{theorem}[[deB]^{1}^{1}1Since [deB] defines quasiPolish spaces in terms of complete quasimetrics, which generalize complete metrics, Footnote 1 is trivial according to the definitions in [deB]. In fact, the content of Footnote 1 is contained in the proofs of [deB, Theorems 19–21] (which establish that their definition of quasiPolish space implies ours).] Polish spaces are quasiPolish.
Proof 1.
First, we note
is quasiPolish.
Proof.
We have
Now let be a Polish space with compatible complete metric and be a countable dense subset. Then using a standard construction of the completion of ,
Sometimes it is useful to have a countable copresentation of a Polish space derived from a countable basis instead of a countable dense subset (as in the above proof). This is provided by the following alternative proof, which is also more direct in that it avoids first showing that is quasiPolish.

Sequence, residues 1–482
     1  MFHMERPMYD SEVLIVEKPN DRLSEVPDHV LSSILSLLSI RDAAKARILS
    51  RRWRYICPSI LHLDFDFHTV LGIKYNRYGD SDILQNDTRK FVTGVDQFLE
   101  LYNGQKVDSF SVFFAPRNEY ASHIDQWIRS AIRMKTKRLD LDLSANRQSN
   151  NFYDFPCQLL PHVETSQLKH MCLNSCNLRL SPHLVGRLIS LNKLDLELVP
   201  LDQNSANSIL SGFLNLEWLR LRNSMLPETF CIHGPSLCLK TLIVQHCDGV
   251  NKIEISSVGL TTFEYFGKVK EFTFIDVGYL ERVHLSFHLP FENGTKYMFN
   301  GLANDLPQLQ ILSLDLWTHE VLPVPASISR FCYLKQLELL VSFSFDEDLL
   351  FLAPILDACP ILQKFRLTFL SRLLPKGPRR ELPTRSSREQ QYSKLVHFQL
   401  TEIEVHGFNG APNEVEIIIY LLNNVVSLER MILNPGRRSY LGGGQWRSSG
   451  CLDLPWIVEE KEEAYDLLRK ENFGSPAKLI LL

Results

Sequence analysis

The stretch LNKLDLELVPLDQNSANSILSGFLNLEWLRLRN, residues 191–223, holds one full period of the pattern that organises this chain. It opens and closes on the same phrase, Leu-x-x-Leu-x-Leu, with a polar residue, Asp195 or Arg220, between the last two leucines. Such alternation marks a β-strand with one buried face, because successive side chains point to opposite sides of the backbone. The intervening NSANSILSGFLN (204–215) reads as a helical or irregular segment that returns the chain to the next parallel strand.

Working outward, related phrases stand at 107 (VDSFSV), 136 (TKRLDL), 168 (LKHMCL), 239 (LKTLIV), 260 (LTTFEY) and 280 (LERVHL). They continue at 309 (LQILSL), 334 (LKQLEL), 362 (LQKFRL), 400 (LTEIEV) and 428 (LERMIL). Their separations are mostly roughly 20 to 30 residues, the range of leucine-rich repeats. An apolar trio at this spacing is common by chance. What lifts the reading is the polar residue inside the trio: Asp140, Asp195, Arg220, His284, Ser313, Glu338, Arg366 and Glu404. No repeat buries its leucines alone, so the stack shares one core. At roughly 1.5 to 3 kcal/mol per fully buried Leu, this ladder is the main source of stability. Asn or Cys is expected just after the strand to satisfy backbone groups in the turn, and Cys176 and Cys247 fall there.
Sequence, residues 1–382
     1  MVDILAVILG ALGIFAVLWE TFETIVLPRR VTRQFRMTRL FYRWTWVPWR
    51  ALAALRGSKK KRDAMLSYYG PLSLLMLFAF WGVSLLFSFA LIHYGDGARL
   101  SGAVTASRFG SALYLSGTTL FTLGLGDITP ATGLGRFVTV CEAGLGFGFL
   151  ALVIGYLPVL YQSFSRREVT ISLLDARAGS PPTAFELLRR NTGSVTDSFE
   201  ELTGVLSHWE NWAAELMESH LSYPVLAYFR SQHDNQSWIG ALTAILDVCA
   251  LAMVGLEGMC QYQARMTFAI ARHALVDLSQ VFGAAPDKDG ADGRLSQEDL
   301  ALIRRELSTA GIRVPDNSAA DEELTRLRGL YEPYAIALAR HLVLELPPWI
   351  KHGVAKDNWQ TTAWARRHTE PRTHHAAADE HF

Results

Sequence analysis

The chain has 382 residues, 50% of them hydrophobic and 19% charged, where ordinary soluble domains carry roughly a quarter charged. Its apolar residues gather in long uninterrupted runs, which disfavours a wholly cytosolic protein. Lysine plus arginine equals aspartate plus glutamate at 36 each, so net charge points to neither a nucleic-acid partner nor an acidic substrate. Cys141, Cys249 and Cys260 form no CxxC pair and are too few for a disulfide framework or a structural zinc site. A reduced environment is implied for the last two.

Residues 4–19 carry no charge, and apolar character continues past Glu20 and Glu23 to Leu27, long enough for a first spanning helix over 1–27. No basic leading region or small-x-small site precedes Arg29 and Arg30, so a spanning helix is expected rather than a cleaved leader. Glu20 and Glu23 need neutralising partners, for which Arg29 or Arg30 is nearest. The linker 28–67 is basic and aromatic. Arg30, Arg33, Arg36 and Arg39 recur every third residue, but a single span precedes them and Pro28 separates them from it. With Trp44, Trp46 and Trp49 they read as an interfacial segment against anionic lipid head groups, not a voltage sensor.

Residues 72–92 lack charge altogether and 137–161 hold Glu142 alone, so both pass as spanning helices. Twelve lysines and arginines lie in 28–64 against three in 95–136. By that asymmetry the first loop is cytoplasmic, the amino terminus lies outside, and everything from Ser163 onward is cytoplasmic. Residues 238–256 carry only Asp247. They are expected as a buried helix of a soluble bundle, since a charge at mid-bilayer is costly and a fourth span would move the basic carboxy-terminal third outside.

Proof 2.
Let be a Polish space with compatible complete metric . Let be a countable basis of open sets in , closed under binary intersections (so containing ). For and , put
the neighborhood of . We claim that the canonical embedding has image
() 
is straightforward. To prove , let belong to the righthand side; we must find such that for all . By the first three conditions on the righthand side (), is a Cauchy filter base. Let be its limit, i.e.,
For such that , since is Cauchy, there is some such that , whence by the second condition on the righthand side (). Conversely, for , by the fourth condition on the righthand side () there is some and with , whence . ∎
A topological space is Polish iff it is quasiPolish and regular.
Proof.